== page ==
First Homes: the new government policy which could make the housing emergency worse

First Homes: the new government policy which could make the housing emergency worse

Right now, the government is consulting on its flagship ‘First Homes’ policy. And it poses a huge threat to the supply of social housing. Here’s why what the government is proposing is no solution to the housing emergency.  

Last month, the government announced its new ‘First Homes’ policy in another bid to boost homeownership levels. These new homes will be offered to first-time buyers at a 30% discount on the market price, with the intention that the discount will remain for future buyers. As we’ve already shown, these homes will be unaffordable to the average earner in 96% of the country.

But the consultation on First Homes asks all the wrong questions. All the options given for building these homes would spell disaster for social housing.

What is the government asking?

The government wants to use the planning system to get First Homes built. As we’ve said previously, the planning system is vital in tackling the housing emergency. It’s a way to guide development to ensure it works for local communities and crucially, to ensure that the market delivers homes that local people can afford. But First Homes won’t do either.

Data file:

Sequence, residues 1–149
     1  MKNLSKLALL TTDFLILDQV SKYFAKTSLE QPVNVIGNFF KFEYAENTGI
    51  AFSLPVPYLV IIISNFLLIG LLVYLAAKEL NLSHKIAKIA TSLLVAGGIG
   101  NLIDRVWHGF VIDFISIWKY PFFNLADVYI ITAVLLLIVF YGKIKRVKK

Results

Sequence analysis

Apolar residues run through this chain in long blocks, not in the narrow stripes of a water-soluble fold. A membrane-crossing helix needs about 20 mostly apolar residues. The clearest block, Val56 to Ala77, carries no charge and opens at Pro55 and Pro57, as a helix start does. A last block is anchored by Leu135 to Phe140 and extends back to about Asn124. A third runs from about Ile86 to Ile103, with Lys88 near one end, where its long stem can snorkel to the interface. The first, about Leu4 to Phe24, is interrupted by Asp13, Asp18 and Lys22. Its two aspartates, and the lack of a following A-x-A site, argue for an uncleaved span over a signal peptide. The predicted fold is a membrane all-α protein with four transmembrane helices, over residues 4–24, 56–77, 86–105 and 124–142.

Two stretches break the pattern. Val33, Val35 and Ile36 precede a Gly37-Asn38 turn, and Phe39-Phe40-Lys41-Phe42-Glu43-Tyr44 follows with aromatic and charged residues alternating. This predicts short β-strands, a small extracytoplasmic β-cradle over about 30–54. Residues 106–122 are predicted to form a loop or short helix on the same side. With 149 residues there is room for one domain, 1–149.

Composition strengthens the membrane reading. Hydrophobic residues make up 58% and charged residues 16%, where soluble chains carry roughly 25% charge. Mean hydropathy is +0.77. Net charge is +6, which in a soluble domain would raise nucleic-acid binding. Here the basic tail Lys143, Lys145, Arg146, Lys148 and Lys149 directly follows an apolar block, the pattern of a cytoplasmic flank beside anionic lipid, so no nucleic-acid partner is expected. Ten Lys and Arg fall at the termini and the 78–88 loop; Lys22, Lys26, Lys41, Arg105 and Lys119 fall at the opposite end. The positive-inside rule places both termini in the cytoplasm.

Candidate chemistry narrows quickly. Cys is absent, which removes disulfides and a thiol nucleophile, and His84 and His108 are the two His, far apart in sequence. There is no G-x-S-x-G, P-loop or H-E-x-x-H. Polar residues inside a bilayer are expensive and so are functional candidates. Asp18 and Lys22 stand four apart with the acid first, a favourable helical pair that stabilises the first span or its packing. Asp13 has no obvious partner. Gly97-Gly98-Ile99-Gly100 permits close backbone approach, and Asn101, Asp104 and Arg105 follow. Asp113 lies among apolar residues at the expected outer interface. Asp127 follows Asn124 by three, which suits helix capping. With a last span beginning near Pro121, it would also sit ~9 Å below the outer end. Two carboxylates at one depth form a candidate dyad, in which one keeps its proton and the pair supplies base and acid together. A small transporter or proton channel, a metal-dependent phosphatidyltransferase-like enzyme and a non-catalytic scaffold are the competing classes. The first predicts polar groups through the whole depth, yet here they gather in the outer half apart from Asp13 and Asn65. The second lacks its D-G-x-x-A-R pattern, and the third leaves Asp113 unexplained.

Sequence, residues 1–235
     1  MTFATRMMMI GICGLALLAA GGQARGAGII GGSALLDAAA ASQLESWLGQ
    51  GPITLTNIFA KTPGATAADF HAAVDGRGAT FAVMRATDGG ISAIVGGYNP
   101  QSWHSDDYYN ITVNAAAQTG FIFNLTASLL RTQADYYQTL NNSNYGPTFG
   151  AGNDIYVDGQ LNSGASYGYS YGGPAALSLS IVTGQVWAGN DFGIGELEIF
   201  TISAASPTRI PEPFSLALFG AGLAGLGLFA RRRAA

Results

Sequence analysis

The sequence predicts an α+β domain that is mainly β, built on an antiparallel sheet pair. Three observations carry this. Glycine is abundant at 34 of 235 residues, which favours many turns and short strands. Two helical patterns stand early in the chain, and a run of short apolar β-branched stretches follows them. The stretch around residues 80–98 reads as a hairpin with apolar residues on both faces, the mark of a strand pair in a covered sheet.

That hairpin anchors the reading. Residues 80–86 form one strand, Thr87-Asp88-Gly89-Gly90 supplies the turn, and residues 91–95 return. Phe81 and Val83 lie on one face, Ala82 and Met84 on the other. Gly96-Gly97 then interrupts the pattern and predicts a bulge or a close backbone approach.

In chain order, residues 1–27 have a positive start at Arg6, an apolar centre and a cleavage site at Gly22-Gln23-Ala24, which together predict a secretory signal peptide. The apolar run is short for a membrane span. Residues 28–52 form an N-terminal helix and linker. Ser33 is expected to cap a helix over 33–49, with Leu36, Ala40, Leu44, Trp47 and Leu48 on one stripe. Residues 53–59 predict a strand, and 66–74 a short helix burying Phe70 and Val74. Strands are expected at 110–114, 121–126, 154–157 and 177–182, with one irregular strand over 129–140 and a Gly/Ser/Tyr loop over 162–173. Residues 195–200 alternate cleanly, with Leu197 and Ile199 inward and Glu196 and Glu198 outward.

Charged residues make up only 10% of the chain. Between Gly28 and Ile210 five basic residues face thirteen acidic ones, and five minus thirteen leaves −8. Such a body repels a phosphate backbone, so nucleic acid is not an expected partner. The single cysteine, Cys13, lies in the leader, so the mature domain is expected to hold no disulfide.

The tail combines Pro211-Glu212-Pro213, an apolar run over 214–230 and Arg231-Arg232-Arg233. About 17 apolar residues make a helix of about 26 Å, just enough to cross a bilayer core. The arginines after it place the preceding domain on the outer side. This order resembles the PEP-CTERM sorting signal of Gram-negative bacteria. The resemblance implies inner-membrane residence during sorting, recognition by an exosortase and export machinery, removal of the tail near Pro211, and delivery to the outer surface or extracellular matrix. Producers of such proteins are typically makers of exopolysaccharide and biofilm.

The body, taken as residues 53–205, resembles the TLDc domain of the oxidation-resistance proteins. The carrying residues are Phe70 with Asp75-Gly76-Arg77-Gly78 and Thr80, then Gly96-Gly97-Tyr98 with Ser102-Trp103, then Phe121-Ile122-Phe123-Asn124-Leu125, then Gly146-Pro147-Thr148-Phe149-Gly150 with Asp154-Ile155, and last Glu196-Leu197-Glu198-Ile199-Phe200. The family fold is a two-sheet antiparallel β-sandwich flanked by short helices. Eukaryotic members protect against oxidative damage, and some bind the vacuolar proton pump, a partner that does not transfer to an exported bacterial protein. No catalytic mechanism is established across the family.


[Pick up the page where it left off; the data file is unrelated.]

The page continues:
The consultation asks whether First Homes should be delivered as a fixed proportion of developers’ affordable housing contributions (section 106) or a fixed proportion of all homes built on suitable sites. In practice, the effects of each of these would be the same. Both would take the planning system out of the hands of local communities. Both would push truly affordable social homes to the side lines to make way for these unaffordable First Homes.

We rely on section 106 contributions for what little social housing is being delivered. Since direct government funding for social housing has all but dried up, section 106 now accounts for nearly 60% of the small number of social homes delivered.

The government intends to force councils to redirect this stream of supply away from social housing, prescribing that 40%, 60% or 80% of homes delivered in this way should be First Homes. All three options would cut social housing delivery down to levels even lower than last year’s paltry 6,287.